Theses Doctoral

Nanomaterials from Nanocomponents: Synthesis and Properties of Hybrid Nanomaterials

Akey, Austin Joseph

This thesis consists of two series of investigations into two different classes of hybrid nanomaterials, their formation and properties. In the first part of this thesis, hybrid nanomaterials composed of cadmium selenide nanoparticles and single-walled carbon nanotubes (SWNTs) are discussed; a novel synthetic method for these hybrids is presented, and an anomalous photoluminescence behavior is examined. Our experiments show that SWNTs can be decorated with CdSe nanoparticles at high loading densities, following the removal of the nanoparticle surface ligands and replacement with pyridine. The resulting hybrids are thermally stable up to 350ºC and mechanically stable against sonication.

The photoluminescence Stokes shift in the bound nanoparticles is shown to be reduced relative to that of unbound nanoparticles. This difference is attributed to Forster resonance energy transfer from the nanoparticles to the nanotube, leading to hot luminescence in the nanoparticles. The second part of this thesis focuses on formation strategies and mechanisms for nanoparticle superlattices. Supercrystals, as they are called, are formed using lithographically-patterned reservoirs and capillary channels, giving control over both supercrystal dimensions and placement; these supercrystals form within a few hours, much faster than those previously reported. These results are extended to the formation of large-area (> 10 µm lateral dimension) thick (> 1 µm) supercrystals on substrates, and the formation mechanism probed by in situ small-angle x-ray scattering. Both monocomponent and binary supercrystals are examined.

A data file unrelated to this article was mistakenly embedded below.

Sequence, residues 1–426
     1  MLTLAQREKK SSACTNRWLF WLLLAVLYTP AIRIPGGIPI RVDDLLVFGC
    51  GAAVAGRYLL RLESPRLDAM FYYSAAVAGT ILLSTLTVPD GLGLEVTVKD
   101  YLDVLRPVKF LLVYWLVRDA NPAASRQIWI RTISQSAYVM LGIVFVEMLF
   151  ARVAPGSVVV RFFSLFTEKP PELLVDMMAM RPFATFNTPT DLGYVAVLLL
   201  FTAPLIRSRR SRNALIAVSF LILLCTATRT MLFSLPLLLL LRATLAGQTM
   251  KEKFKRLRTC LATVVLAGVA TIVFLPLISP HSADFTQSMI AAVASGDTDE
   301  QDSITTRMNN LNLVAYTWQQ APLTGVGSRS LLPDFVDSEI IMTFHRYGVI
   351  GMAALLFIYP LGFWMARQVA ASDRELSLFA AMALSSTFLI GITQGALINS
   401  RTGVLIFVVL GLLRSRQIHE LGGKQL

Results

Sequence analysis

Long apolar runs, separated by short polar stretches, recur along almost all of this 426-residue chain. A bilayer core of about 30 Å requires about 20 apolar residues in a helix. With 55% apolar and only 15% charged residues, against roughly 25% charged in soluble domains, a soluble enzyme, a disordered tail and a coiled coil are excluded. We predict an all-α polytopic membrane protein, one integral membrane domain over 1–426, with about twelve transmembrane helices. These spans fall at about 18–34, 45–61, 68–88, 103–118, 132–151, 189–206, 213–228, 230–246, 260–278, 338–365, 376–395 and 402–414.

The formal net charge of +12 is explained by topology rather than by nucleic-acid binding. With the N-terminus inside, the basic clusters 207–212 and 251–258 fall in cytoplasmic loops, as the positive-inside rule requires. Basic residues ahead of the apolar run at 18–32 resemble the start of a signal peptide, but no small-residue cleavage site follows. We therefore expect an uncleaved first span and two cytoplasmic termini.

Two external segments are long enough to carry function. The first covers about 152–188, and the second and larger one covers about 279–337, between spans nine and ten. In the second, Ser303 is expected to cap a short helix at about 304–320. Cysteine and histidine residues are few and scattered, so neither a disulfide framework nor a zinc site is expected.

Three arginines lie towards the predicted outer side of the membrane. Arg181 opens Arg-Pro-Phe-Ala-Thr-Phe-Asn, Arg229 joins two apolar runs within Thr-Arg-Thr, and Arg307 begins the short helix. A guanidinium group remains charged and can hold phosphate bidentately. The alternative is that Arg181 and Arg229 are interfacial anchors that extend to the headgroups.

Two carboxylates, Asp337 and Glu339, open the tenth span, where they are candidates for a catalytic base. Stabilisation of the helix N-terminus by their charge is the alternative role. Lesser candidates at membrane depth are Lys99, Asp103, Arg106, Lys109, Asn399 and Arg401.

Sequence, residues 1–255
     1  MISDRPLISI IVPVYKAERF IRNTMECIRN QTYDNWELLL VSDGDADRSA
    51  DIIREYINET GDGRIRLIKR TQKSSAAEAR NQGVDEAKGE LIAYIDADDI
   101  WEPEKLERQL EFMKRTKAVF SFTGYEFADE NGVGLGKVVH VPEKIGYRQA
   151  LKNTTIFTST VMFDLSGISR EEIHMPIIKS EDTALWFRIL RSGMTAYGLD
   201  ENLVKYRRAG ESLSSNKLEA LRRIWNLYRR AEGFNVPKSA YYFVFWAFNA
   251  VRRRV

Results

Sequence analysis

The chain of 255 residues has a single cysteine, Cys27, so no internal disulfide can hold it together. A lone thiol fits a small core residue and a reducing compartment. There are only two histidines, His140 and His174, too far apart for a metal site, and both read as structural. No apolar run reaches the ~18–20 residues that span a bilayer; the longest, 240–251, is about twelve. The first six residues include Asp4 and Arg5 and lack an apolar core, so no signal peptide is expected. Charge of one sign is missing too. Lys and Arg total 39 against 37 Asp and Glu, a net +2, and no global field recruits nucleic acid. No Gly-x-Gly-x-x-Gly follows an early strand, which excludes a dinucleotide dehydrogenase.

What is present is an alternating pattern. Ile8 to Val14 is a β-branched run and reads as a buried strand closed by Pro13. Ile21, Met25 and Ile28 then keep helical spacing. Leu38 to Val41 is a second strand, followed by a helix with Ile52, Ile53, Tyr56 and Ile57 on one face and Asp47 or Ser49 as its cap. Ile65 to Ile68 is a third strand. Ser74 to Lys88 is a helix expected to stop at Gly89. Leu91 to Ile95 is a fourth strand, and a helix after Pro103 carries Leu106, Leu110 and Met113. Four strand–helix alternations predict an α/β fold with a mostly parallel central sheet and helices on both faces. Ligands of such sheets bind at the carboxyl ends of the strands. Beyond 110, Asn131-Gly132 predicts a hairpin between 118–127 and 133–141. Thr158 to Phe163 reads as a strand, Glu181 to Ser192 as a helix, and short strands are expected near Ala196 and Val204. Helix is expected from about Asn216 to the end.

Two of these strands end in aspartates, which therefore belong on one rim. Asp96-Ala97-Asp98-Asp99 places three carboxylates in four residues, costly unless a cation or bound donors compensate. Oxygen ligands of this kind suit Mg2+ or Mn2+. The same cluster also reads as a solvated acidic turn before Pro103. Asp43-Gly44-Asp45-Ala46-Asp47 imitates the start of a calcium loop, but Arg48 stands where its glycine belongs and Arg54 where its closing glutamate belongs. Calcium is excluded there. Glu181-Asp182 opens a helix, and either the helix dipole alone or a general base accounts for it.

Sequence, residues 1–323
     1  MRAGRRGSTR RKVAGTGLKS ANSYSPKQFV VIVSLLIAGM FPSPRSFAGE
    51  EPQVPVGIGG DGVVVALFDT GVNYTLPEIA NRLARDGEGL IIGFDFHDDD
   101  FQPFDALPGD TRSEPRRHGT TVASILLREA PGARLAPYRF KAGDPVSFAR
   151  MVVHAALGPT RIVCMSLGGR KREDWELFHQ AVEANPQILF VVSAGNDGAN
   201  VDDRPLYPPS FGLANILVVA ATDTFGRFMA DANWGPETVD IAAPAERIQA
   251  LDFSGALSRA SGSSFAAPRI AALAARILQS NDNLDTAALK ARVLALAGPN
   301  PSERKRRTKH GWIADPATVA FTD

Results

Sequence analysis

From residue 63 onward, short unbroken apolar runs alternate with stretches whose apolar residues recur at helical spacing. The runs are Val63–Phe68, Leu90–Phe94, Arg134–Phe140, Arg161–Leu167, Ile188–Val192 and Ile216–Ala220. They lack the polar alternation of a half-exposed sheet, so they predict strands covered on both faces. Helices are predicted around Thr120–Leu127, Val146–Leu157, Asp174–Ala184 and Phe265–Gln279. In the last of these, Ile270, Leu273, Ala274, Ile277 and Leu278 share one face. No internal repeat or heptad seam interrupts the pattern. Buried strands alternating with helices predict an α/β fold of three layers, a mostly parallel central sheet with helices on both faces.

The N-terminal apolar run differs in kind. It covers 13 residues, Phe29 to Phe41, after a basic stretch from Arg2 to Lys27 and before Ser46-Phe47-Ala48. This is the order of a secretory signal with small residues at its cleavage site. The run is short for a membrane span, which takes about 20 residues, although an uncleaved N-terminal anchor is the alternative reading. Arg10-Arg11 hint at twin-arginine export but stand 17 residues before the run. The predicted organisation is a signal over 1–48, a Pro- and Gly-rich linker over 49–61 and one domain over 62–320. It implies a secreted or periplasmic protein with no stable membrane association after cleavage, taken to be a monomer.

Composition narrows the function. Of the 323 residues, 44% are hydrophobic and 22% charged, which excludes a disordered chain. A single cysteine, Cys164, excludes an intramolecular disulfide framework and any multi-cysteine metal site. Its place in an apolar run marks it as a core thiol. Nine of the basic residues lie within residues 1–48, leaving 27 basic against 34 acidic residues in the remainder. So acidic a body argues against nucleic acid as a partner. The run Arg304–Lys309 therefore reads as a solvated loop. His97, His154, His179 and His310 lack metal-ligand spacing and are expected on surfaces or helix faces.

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More About This Work

Academic Units
Materials Science and Engineering
Thesis Advisors
Herman, Irving P.
Ph.D., Columbia University
Published Here
February 17, 2012